thickened.  Season with salt, pepper, and nutmeg.   Yields 1 cup.


To make this as the base for a brown sauce to be served with meat, use
margarine instead of butter and non-dairy creamer for the milk.  Let the roux
brown slightly before adding the non-dairy creamer.
Veloute Sauce parve or meat

This is best prepared as a brown roux and accompanies both fish and meat nicely.
2 T margarine
2 T flour
1 c. parve or meat stock

Salt and freshly ground pepper to taste
Grated, fresh nutmeg
Curry Sauce parve

This sauce can be served over baked fish or chicken and is also great with grilled vegetables.  Add 1 tablespoon of curry powder and cayenne pepper to taste to the melted margarine along with the flour to the basic 1 cup white sauce recipe.

Horseradish Sauce or Sauce Albert  parve

A classic accompaniment to boiled or corned beef.  Add 3 tablespoons of prepared horseradish, 2 tablespoons of non-dairy whipping cream, and 1 tablespoon of sugar to the basic recipe for 1 cup of parve white sauce.

Mock Hollandaise Sauce parve
Juice of 1 lemon
2 T margarine
1 c. mayonnaise
Salt and white pepper

Melt margarine in a saucepan, add lemon juice, salt and pepper.
Stir in mayonnaise, heat.  Serve immediately on vegetables and garnish with
paprika.  Makes 1 cup.

Sauce Bearnaise parve

¼ cup white wine
1 sprig chervil, chopped (optional)
2 T tarragon vinegar
1 t parsley
1 t shallots, chopped fine
3 egg yolks
1/2 t ground white pepper
3/4 c. margarine, melted
1 t tarragon

Combine the wine, vinegar, shallots, pepper, tarragon, chervil and parsley in the top of a double boiler.  Cook over direct heat until reduced by half.  Strain the mixture and allow it to cool.  Beating briskly, over hot water, (not in hot water), add, alternating between them, the egg yolks and the margarine.  Beat steadily so that all ingredients are combined.  Season to taste.  The sauce should have the consistency of Hollandaise sauce.  This sauce is usually served with beef.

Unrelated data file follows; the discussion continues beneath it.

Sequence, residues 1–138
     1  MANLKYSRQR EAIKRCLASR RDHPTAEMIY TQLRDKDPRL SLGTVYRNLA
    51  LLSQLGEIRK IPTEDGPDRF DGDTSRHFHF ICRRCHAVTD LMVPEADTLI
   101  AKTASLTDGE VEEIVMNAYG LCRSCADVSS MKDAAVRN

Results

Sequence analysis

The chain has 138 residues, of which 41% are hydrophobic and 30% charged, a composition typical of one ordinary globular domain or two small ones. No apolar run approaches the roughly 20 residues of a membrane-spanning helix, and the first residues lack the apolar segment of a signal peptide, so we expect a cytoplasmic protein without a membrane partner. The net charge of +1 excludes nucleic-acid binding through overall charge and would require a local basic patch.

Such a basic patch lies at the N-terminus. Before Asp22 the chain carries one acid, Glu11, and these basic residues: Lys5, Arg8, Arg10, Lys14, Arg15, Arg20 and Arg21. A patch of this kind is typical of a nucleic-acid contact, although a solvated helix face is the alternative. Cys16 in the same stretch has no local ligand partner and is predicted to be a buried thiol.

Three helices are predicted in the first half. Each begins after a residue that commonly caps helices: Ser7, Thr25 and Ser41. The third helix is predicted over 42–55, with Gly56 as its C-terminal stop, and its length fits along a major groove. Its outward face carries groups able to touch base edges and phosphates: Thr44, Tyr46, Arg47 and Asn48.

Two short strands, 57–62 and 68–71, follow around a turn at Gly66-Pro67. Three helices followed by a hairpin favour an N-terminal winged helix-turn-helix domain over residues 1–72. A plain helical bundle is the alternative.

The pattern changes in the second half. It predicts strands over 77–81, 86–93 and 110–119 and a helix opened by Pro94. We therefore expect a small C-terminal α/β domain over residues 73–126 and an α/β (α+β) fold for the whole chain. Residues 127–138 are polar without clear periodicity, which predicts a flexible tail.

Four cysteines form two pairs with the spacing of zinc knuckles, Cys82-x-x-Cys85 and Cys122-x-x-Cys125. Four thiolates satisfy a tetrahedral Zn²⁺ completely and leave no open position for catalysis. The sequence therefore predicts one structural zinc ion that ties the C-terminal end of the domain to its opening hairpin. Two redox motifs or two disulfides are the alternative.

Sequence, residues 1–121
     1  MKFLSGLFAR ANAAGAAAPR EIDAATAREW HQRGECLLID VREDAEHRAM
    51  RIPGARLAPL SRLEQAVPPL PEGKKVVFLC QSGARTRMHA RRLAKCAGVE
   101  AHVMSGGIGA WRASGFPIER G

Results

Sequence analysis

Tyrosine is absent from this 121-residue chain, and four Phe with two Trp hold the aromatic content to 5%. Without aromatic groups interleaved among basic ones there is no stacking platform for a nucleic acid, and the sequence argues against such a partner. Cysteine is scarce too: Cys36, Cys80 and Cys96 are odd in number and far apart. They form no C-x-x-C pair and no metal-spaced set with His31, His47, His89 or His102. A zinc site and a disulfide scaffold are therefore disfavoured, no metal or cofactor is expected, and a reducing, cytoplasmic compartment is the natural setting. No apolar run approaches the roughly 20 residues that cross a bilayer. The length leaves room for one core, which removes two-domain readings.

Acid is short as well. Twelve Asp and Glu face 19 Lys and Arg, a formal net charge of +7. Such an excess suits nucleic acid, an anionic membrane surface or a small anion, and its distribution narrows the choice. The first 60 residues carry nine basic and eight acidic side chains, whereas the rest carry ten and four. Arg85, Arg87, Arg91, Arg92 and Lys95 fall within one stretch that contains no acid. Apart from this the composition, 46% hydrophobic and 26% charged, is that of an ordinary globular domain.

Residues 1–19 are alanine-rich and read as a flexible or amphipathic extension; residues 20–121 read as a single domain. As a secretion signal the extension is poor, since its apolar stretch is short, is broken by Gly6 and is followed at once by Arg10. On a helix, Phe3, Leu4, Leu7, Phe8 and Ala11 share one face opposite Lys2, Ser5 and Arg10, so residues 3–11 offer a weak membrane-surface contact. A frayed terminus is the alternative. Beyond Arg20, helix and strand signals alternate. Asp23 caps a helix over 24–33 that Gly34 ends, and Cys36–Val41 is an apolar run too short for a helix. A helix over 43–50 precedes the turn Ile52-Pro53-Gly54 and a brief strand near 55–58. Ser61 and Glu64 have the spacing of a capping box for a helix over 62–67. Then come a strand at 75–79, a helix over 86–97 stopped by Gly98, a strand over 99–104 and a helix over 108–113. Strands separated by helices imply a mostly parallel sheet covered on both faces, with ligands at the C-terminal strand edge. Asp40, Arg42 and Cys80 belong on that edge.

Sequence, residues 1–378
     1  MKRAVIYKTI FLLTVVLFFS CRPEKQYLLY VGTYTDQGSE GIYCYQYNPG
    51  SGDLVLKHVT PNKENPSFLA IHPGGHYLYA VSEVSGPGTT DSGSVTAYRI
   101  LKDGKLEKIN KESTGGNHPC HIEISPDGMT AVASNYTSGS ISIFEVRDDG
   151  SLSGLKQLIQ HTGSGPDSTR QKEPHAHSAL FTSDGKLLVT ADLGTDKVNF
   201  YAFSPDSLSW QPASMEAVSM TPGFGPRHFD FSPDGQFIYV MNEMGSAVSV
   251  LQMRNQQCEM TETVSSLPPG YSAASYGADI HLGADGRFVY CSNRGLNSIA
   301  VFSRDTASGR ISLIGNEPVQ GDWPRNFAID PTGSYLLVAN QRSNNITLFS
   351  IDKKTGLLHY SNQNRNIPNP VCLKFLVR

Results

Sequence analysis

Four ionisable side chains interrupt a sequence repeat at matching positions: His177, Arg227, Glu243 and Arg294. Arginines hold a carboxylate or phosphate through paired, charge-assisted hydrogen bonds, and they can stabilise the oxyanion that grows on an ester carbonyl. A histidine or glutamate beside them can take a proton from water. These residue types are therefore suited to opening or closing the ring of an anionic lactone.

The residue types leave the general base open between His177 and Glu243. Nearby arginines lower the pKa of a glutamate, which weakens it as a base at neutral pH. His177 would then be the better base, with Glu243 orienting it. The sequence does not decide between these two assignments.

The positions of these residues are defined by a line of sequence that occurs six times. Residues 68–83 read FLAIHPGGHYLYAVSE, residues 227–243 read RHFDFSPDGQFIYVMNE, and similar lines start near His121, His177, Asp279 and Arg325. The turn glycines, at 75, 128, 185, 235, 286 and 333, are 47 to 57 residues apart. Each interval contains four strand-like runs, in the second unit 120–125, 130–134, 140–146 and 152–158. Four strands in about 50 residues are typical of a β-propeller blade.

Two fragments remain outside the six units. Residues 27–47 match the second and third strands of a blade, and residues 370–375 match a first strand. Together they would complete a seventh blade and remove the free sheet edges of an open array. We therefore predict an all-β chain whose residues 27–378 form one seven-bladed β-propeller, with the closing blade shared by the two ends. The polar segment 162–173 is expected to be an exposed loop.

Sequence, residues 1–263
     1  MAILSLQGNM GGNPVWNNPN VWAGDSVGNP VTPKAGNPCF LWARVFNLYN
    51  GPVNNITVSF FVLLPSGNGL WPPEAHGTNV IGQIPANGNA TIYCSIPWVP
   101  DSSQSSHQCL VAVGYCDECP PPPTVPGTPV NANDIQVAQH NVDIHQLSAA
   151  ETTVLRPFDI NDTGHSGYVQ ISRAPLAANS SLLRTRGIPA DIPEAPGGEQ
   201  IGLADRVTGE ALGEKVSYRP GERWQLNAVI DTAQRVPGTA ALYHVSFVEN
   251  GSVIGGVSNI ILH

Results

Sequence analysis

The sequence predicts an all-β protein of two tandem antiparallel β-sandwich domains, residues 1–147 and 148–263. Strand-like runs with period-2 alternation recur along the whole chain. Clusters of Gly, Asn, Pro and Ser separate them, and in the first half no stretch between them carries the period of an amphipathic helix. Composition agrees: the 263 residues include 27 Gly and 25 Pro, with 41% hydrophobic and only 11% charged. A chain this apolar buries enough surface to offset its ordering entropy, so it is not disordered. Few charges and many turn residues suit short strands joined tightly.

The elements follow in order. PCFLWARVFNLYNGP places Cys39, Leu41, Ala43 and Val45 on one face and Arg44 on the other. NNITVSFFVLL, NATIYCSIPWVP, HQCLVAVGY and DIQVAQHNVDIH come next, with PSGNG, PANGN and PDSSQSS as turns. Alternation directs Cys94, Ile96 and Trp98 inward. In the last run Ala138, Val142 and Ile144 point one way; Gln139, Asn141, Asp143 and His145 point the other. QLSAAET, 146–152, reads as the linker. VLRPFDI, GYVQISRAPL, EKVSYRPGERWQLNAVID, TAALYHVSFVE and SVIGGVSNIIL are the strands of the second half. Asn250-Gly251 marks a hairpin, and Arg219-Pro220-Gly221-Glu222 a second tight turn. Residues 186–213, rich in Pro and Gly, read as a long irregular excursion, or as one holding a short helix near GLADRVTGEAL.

Sauteed Chicken Breasts With Curry Sauce meat
64 oz. skinless, boneless chicken breasts, halved

6 T all purpose flour

3 large egg whites

1 large egg

51/2c. curry powder.

½ t. salt

5 t. vegetable oil

2 garlic cloves, minced

1 ½ c. chicken broth

Place the chicken breast halves between layers of plastic wrap and pound to 1/4-inch thickness.  Place 5 tablespoons of flour in a pie dish.  Whisk egg whites, egg, 41/2 teaspoons of curry powder and salt in shallow bowl to blend.  Heat 2 teaspoons of vegetable oil in a large nonstick skillet over medium-high heat.  Coat 3 chicken breasts with flour, shaking off excess.  Then, dip the chicken into then egg mixture.  Add them to the skillet and sauté until cooked through, about 2 minutes per side.  As they are ready, transfer them to a platter.  Repeat with 2 teaspoons oil and remaining chicken.  Tent chicken with foil to keep warm.
Heat remaining 1 teaspoon of vegetable oil in same skillet over medium-high
heat.  Add garlic, remaining 1 tablespoon of flour and remaining 1 teaspoon of curry
powder and stir for 30 seconds.  Gradually whisk in broth.  Bring to boil, whisking
constantly.  Boil until thickened to sauce consistency, about 2 minutes.  Season to taste with salt and pepper.  Return chicken to skillet and turn to coat with sauce.  Transfer chicken to platter.  Drizzle with any remaining sauce and serve.  Serves 6.

© Eileen Goltz

This article was featured in the Fall 2000 issue of Jewish Action.